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Author Topic: Observation Hives  (Read 2590 times)
willebanks
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« on: April 05, 2005, 07:55:12 PM »

Greetings all,

  For over 3 years now I have wanted to get and maintain an observation hive. I have 2 regular hives and will be adding a third this year. I work in a local school system and I wish to bring the joys of bee keeping to students and teachers alike. I have already enjoyed spreading the "bee" gospel with a class of "advanced" seniors at one of the High schools where I work. An observation hive would do wonders for my presentation. Plus I love watching the little buggers....lol.

I guess I want to know what differences there are with an observation hive...Sadly there is a limit to the number of hives I can have at my residence so I don't want to deal with recurring swarms and such...Plus I'd like to be able to bring the observation hive to show any classes that might be interested...

Anyone with experience in dealing with observation hives please fill me in...

Thanks,

Will
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thegolfpsycho
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« Reply #1 on: April 05, 2005, 08:01:49 PM »

Alot depends on what you want the main function to be.  You can put one together that just holds a couple frames, and load it as needed for demos.  You can make a much larger one and try to maintain a colony in it year round.  It really depends what you are shooting for.  Just remember, the larger it is, the more frames, the less likely you will be to observe the queen and her activities.
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leominsterbeeman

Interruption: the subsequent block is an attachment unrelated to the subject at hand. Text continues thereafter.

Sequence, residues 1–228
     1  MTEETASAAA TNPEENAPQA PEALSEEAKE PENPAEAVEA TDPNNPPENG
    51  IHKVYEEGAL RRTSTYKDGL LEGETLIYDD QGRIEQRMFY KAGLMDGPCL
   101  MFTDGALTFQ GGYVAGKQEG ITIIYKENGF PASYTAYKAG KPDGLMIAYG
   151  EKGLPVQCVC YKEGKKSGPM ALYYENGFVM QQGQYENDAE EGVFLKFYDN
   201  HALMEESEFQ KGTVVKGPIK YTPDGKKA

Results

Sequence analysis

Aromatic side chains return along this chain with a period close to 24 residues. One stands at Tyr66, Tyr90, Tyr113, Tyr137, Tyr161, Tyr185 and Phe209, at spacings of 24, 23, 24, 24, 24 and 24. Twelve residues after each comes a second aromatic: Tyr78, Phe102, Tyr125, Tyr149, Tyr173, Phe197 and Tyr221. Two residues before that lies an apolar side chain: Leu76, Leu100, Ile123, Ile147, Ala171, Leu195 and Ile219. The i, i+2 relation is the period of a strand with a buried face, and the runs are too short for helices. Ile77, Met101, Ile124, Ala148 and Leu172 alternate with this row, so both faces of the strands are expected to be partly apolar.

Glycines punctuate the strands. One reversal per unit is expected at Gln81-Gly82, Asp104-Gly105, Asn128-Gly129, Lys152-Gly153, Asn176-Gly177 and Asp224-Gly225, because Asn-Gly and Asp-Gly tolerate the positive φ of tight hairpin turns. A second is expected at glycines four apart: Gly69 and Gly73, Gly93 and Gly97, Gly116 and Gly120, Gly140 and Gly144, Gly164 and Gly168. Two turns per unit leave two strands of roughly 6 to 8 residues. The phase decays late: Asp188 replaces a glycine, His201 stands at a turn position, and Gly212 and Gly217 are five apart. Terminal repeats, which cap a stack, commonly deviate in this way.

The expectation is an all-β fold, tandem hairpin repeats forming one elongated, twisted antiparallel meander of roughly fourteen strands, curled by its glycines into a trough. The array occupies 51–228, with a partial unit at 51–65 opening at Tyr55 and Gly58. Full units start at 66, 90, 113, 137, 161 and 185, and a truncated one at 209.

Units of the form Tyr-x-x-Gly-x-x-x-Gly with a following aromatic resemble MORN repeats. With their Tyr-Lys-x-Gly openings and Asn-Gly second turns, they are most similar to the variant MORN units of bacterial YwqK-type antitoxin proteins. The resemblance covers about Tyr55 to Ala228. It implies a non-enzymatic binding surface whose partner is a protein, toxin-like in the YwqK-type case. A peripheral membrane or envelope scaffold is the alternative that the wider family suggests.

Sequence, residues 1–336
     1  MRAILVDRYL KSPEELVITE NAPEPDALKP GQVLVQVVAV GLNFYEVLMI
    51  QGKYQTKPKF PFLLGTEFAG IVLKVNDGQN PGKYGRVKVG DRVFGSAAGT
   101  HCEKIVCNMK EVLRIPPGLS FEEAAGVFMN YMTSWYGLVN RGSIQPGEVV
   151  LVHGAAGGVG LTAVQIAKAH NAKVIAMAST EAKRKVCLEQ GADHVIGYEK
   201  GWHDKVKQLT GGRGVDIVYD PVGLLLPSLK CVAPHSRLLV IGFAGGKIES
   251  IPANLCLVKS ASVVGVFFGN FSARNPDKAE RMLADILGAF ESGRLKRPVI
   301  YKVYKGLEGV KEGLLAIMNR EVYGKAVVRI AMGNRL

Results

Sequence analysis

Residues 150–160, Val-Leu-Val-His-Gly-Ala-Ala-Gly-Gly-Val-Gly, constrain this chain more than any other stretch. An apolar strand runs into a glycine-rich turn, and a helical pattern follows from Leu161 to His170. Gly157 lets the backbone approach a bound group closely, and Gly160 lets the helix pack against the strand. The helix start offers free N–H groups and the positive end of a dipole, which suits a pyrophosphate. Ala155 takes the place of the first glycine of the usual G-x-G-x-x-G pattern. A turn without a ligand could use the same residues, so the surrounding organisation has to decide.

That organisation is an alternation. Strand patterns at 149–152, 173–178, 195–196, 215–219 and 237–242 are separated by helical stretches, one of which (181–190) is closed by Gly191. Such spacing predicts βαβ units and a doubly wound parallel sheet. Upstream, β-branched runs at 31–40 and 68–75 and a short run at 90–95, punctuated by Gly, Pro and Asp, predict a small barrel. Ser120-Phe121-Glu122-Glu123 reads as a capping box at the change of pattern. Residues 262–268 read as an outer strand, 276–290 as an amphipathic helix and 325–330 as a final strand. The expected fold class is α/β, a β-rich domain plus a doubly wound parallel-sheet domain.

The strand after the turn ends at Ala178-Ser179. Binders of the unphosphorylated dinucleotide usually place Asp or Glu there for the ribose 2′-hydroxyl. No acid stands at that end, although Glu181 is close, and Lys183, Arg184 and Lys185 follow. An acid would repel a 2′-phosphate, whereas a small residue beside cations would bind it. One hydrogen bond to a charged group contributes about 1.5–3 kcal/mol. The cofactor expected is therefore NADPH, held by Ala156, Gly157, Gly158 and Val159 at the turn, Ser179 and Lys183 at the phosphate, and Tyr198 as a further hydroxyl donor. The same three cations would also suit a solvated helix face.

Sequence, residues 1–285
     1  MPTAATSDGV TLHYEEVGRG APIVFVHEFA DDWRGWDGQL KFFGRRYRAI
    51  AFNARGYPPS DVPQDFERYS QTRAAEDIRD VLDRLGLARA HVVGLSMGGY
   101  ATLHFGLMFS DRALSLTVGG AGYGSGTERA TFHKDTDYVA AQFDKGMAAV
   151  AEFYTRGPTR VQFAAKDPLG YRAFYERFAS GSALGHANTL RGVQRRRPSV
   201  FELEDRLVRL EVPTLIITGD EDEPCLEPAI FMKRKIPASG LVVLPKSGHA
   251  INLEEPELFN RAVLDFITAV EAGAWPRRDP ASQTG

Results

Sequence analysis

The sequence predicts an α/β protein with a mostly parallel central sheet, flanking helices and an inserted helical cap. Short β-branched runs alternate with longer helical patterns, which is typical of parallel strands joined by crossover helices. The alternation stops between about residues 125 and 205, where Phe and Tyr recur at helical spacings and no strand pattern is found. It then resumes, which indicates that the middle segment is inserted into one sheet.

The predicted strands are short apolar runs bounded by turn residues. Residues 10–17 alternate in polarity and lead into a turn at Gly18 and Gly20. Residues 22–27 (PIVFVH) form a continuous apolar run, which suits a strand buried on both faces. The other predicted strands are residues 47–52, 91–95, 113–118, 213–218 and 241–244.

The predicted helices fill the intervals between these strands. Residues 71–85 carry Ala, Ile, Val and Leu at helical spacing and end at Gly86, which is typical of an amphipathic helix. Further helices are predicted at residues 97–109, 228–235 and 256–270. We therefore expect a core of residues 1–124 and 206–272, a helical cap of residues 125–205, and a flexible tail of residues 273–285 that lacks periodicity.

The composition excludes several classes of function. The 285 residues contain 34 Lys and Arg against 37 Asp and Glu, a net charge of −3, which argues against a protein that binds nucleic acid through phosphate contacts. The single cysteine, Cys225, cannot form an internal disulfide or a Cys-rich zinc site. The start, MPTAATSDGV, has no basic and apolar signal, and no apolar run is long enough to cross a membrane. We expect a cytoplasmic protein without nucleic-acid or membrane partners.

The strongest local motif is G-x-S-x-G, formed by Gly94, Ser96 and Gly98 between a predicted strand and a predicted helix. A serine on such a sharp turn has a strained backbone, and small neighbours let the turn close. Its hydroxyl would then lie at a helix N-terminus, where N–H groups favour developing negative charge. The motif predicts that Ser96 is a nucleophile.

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« Reply #2 on: April 06, 2005, 10:25:52 AM »

Willie -  

I use my for the same reason,  school presentations.

I have an Observation hive. (2 deep frame).  It has overwintered well, but I still don't see it building up as I would expect so this year for a number of reasons.  

There are pics at my website.  A elder beekeeper in CT made the hive.  I bought it  for $69.00. PM me if you want his contact info, or I will give you my phone # and we can talk directly.

I have had it for a year, and mine did swarm in August, but that was my fault.   To prevent the swarming, you will need to be able to take the bees from the observation hive to give a boost to one of your hives.     but leave the queen behind.  

They need to have access to outsite at all times, even in winter.  the best position would be where they can get the warmth of the sun most of the time.  Mine is on the north side of the house and it gets little sun, and the bees get a late start getting going in the AM to get nectar and pollen.

They will propolize all the vent holes,  I'd let them do this and then you can  clean them out in the spring.    It should get a through cleaning every year especially hf there is a lot of burr/brace comb on the glass.  The glass can get dirty.    So to clean it, you want a place for the bees to go, so I use a nuc.
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Michael Bush
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« Reply #3 on: April 06, 2005, 06:16:49 PM »

Observation hive issues:

Frame size:
Brushy Mt. seems to be the only one who understands that in order to maintain an observation hive, it should be one size frame and that size should match the brood chambers of your other hives.  They offer one that is all deeps (Huber hive) and one that is all mediums (Von Frisch).  I reworked the Draper hive to take four mediums and a homade glass sided feeder to fill in the difference at the top.

Overall size:
I have never had much luck with the small Tew hive, even though I reworked it extensively (and will talk more about that later).  The bees have never thrived in it.  It's just too small.  I think the minimum size for a sustainable observation hive is three mediums or two deeps, but four mediums or three deeps is better.  Since you have to carry it outside to work it (at least if you keep it in your living room as I do) you want it light enough you can move it.  I find the four medium frame ones are about as large as I can easily manage.  So I would say that is the ideal size.  Four mediums or three deeps (depending on what you use for brood in your hives).  You can rework them by changing the rests to take different size frames you can make up the odd left over amounts by making feeders or just putting in a top bar to fill the gap with a beespace above and below.

Space between the glass: